What has been the hardest decision you’ve had to make since starting Lunette?
Some years ago there was a time when I felt I had to choose whether to push the company to grow faster, or wait, relax and spend some time with my family. I decided that I would like to still keep the company growing and at the same time focus on my family more. So, I cut out lots of interesting things I was involved. It was hard for me because I get easily excited and I want to be part of everything! But this was a good decision and I’m really happy I had the courage to let go.
Lunette’s menstrual cup packaging is the best in the industry. At what point did design become core to your business? Do you feel that this has differentiated you from your competitors? Why do you think design is important when it comes to women’s personal care products?
Thanks! The design has been really important for me from the beginning and I have a clear vision of how everything should look. I know that I’m a pain in the ass to our designers because often there will be lots of rounds before my approval. Luckily we now have people around us who understand the brand well. There are only a few other women’s personal care products that I’m happy with, design-wise. For some reason lots of companies think that all women want to have only pink and "girly" stuff. That’s not true! Design is important for everyone, and therefore I love that we have options. For me personally, colors are really important and that’s one of the reasons we offer the cup in a variety of colors. Although our cups are worn inside, I still love to use my yellow cup because it makes me happy every time I empty it.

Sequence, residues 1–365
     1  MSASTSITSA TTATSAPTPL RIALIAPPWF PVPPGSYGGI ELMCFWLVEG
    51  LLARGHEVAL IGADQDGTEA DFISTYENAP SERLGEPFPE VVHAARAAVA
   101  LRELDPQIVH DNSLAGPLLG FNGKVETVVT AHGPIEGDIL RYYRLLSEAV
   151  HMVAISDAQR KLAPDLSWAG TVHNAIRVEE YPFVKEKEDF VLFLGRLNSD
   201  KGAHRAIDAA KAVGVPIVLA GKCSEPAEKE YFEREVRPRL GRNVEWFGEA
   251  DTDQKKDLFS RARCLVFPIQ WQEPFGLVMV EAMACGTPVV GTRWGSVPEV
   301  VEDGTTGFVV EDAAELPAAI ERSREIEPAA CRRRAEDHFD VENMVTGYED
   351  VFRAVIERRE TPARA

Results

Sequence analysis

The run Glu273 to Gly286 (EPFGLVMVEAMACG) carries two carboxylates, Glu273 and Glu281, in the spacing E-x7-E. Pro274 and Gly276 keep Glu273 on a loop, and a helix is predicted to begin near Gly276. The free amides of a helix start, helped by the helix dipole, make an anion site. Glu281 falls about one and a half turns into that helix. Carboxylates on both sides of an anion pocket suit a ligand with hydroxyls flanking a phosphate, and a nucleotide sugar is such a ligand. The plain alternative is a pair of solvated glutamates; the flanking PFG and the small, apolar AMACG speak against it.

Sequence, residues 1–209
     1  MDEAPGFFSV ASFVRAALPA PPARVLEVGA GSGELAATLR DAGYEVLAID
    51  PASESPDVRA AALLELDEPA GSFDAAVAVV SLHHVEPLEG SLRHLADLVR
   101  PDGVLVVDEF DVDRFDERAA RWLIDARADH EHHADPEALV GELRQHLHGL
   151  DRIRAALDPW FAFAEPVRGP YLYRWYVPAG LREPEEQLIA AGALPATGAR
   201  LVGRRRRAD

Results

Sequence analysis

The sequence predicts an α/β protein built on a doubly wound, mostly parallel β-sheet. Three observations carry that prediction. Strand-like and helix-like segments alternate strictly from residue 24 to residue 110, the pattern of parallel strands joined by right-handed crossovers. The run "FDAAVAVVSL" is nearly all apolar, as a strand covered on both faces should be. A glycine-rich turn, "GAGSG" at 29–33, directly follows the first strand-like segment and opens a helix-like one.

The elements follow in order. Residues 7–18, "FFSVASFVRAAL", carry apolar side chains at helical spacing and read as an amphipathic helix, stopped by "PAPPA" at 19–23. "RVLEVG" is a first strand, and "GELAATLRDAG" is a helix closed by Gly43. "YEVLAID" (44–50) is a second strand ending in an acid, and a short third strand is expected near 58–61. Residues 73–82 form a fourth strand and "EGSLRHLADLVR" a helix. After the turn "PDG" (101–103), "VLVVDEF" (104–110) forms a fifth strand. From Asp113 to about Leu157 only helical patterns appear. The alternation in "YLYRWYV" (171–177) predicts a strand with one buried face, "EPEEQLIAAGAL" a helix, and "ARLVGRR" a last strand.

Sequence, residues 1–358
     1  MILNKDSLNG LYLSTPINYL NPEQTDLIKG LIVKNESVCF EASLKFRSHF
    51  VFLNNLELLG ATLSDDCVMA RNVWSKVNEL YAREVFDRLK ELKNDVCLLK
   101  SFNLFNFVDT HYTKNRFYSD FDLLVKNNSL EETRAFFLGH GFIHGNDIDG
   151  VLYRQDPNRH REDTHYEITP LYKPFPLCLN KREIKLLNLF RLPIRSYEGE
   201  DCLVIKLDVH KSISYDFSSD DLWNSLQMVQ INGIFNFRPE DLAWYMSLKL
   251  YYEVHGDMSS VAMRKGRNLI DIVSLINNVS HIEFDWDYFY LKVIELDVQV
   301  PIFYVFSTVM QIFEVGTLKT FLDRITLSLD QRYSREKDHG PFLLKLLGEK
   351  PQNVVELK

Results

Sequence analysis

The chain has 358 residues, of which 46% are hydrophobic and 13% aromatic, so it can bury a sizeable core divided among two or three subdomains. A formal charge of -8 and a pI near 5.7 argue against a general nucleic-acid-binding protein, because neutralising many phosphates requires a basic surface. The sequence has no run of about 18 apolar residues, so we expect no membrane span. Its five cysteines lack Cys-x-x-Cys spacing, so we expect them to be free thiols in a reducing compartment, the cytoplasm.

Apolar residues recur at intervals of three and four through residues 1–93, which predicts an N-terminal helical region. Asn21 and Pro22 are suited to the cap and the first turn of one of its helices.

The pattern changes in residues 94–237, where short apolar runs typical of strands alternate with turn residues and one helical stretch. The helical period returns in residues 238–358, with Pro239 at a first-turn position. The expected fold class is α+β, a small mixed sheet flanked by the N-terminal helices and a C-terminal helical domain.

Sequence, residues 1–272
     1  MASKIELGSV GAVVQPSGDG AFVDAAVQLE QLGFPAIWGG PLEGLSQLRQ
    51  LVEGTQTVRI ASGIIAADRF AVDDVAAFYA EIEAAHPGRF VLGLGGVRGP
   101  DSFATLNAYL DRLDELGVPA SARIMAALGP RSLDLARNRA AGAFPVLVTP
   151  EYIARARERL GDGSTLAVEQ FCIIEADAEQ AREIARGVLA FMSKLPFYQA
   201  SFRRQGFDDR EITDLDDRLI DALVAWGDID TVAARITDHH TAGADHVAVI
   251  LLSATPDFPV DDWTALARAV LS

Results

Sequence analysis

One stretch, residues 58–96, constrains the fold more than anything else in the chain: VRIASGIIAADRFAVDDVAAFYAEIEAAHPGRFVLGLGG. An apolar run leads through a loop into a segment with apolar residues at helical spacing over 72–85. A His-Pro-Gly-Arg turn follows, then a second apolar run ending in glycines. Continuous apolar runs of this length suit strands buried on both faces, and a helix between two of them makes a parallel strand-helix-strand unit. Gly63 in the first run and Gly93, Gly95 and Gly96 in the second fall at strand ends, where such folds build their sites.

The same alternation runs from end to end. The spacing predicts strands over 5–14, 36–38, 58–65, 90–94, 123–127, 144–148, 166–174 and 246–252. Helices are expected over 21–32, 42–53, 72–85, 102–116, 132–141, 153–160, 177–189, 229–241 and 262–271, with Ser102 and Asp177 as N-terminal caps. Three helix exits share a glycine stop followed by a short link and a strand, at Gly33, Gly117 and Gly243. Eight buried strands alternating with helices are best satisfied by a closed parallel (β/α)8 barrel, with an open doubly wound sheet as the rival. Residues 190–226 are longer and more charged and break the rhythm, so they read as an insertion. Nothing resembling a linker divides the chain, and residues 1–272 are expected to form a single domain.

Lunette has global reach. When it comes to innovation in women’s health how does the US differ from the other countries you support? What are some of the key differences in how you talk about menstruation between different countries?
There are lots of small differences globally but with social media I believe we, especially western countries, are coming closer to each other. In Scandinavia, women tend to be more open to new things and also their general knowledge of their own anatomy and menstruation is better. In the USA, menstruation isn’t really a talked about subject, but luckily it seems to be changing. There are lots of women who don’t know even the basics of their own anatomy and there are others who know plenty. I would like to see health education in the USA be more standardized between states, cities and schools because from my Finnish perspective girls and boys don’t learn enough in schools.
Lunette is working in many countries globally, and during the last couple of years we have noticed that women and men are talking more about menstruation. I believe that Menstrual Hygiene Day (on 28th of May) has helped a lot. In the past, menstruation was something to be ashamed of and although there are still taboos, the attitudes are slowly changing. There are less myths and more informed conversations.
In the next five years what innovation do you hope to see in women’s personal care/ health?
I would love to see menstrual cups and other reusable products as mainstream products! I know that not all women want to use menstrual cups but all women, and men, should know that there are options to disposable pads and tampons.